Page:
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Francis W. (Bill) Flynn
Neurotransmitter control of vasopressin release:
In recent years we have become interested in the role of a specific receptor- the neurokinin 3 receptor (NK3R), in the control of vasopressin release. We had previously established that this receptor plays a critical role in the ingestion of salt solutions and that the activation of the receptor affected the central processing of salt taste. The neurohormone vasopressin complements behavioral responses (ingestion of salt) to maintain body sodium levels by affecting the retention of water.
Immunohistochemistry showed that the majority of vasopressin neurons in the paraventricular nucleus express the NK3R. Furthermore, injections of agonists for the NK3R stimulate vasopressin release and blockade of the receptor prevented the release of vasopressin to hyperosmolarity, hypotension and cholecystokinin injection.
The NK3R is a G protein coupled receptor and after a ligand binds the receptor, the receptor is internalized to the cytoplasm. Receptor internalization is a pharmacologically specific marker of receptor activation. We used this technique to show that hyperosmolarity activates NK3R expressed on neurons in the paraventricular nucleus. Internalized receptors cause dendrites to take on a bead like appearance, as shown in the figure. Neurokinin B (NKB) is the endogenous transmitter that binds the NK3R and projects now focus on the NKB afferent pathways to the hypothalamus and specifically vasopressin neurons.
Nuclear trafficking of a membrane NK3 receptor:
Immunohistochemistry revealed that following an osmotic challenge, the tachykinin NK3 receptor that is expressed on vasopressin neurons is activated, internalized to the cytoplasm and then transported to the cell nucleus!In order to follow the trafficking of the NK3R we transfected cells with NK3R tagged with the green fluorescent protein (GFP). The movie shows that NK3R-GFP was membrane and cytoplasmic initially. But after the administration of a NK3R agonist, the GFP-NK3R appears in the nucleus of the neuron.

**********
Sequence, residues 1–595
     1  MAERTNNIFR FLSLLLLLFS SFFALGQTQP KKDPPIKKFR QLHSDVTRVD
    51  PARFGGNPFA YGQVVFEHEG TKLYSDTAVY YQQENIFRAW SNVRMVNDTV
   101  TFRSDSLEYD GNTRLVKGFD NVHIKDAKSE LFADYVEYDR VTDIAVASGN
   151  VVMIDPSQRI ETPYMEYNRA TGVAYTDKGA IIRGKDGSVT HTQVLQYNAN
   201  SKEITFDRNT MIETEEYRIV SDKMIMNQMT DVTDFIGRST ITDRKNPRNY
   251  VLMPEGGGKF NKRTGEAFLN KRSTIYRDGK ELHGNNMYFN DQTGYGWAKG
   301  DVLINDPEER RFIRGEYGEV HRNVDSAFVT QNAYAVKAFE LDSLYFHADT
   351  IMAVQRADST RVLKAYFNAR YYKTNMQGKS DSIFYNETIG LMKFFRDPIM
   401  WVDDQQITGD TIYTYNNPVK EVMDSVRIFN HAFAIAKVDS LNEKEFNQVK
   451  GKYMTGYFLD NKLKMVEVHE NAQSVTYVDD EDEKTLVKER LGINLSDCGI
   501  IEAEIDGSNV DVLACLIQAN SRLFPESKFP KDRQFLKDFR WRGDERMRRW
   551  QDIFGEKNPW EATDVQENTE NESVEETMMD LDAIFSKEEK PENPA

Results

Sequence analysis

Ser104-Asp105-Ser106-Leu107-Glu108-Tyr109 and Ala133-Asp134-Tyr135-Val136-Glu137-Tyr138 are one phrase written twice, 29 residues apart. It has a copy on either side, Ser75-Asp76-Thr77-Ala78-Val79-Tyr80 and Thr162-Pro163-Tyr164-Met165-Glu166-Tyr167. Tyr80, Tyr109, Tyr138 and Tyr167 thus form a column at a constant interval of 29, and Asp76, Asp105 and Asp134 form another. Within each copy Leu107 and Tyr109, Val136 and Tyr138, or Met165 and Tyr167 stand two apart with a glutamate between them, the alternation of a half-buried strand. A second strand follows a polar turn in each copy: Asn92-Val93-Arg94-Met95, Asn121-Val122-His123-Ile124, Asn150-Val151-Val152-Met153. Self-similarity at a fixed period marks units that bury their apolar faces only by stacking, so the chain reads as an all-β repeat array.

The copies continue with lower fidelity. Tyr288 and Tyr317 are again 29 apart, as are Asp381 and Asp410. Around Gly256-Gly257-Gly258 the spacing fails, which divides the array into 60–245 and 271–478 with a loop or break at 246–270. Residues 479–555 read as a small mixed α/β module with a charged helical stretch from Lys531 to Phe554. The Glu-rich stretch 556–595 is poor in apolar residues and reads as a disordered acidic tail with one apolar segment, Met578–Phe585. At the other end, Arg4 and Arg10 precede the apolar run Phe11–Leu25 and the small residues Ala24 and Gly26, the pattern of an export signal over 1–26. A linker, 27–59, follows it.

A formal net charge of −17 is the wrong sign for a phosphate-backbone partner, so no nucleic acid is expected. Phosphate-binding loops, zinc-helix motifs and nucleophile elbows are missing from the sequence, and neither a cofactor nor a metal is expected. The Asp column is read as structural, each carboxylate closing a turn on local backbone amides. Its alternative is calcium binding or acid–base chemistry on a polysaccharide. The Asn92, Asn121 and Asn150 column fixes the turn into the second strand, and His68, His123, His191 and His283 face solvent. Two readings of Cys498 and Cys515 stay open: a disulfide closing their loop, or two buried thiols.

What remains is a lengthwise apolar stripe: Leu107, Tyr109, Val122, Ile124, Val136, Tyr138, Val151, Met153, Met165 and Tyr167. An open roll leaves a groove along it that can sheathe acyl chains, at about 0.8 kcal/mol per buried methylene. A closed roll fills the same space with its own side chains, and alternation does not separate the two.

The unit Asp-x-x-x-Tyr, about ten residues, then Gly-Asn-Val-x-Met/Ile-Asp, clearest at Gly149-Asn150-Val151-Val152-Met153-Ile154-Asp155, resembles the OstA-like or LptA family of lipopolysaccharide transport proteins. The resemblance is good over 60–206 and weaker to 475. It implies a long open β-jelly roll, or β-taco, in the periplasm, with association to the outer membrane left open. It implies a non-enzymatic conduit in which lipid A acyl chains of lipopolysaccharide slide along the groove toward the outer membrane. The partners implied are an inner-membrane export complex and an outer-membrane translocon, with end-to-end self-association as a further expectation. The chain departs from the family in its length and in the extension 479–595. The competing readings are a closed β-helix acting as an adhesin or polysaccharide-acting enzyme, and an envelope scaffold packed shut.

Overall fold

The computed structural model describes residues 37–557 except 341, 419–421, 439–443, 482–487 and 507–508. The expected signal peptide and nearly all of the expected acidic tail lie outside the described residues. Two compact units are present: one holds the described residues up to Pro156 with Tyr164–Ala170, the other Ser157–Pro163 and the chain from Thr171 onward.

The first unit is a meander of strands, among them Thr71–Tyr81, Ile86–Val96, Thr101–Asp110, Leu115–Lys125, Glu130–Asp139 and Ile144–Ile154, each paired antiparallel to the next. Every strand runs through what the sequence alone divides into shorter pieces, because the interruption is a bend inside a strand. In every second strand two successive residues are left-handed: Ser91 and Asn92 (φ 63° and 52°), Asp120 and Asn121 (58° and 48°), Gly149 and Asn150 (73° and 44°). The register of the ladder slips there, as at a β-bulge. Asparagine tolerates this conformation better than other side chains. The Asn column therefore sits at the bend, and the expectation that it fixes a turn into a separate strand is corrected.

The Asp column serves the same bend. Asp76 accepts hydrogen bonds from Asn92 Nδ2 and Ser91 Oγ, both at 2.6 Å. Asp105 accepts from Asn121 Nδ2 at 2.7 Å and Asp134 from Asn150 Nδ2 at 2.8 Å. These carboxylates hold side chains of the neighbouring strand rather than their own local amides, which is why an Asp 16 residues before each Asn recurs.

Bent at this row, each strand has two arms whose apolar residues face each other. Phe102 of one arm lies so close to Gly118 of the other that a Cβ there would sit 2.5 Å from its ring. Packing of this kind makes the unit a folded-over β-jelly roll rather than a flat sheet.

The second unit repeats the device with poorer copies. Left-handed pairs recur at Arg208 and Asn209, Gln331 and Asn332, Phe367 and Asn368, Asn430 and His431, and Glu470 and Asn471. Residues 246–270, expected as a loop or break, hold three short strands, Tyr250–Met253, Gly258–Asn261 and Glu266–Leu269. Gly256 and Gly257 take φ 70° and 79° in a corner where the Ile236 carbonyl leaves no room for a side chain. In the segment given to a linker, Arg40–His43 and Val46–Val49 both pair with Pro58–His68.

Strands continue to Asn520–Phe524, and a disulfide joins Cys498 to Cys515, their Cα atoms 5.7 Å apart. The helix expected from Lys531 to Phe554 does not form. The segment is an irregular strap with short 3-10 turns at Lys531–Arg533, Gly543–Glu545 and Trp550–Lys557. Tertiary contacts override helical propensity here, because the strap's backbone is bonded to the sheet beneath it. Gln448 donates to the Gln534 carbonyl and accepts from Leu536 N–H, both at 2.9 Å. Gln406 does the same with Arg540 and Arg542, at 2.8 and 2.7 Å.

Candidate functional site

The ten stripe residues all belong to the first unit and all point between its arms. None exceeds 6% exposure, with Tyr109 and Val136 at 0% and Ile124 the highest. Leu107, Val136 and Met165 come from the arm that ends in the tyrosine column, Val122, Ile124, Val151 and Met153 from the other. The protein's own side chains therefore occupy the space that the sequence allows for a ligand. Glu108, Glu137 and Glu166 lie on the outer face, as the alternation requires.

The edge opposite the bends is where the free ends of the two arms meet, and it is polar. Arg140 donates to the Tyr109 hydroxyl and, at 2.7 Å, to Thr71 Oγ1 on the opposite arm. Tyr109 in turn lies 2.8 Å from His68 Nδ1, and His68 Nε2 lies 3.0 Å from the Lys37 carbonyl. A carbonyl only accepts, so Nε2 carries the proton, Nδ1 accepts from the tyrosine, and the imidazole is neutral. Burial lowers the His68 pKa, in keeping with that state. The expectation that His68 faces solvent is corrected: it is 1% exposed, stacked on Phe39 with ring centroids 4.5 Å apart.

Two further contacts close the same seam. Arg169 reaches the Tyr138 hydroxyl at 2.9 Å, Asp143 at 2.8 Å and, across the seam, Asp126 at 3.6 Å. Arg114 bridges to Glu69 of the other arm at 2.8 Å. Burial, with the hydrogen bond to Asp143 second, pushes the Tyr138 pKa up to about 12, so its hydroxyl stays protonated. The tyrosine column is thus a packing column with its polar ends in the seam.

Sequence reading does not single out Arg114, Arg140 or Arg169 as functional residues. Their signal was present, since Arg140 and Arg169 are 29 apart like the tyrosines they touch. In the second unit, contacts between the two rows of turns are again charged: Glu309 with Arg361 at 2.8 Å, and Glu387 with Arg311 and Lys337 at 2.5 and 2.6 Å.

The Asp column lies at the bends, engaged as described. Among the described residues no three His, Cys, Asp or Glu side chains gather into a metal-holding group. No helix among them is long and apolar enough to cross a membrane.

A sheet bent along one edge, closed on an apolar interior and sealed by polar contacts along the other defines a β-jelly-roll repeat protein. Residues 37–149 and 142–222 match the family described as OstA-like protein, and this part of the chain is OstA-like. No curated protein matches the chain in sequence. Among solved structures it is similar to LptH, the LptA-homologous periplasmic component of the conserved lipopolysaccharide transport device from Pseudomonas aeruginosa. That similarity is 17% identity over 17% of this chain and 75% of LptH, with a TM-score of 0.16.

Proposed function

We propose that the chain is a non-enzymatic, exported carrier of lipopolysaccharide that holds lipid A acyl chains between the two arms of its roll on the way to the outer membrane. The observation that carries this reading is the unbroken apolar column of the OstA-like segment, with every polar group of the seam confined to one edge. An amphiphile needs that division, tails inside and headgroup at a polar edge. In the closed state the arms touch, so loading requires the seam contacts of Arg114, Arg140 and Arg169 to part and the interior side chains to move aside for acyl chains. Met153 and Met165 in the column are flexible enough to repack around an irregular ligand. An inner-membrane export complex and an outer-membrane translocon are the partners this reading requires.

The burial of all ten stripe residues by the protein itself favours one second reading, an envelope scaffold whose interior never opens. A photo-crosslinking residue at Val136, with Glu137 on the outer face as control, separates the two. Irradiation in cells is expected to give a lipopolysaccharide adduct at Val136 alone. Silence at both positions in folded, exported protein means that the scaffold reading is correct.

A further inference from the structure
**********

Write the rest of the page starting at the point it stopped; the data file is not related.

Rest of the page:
Experiments are aimed at identifying how this receptor protein gets into the nucleus. This receptor contains the peptide sequence, the nuclear localization sequence, needed for transport to the nucleus. With Dr. Dane Jensen we used co-immunoprecipitation to show that translocation of the NK3R into the nucleus involves the importin pathway. Other steps in how this protein moves through the cytoplasm and ultimately into the nucleus remain under investigation.
What is a g-protein coupled receptor is doing in the cell nucleus?
We use immuno-electron microscopy to study the distribution of the NK3R in the nucleus. The adjacent electron image from the nucleus of a neuron shows two different sized gold beads. The larger beads are attached to antibodies that detect the NK3R and the smaller beads are attached to antibodies that recognize acetylated histones. Histones are the backbone of DNA and acetylation of histones is associated with active gene transcription. Co immunoprecipitation showed that in rats treated with 2 M salt solution, but not in control (C) rats, NK3R associated with acetylated histone H3 and H4. The band in the western blot image is detecting the histone that was “pulled down” with NK3R. A major question is what specific genes are being affected by NK3R binding to histones. We know that hyperosmolarity up-regulates many genes, including that for vasopressin, and we hope to identify which of those genes are being controlled directly by NK3R.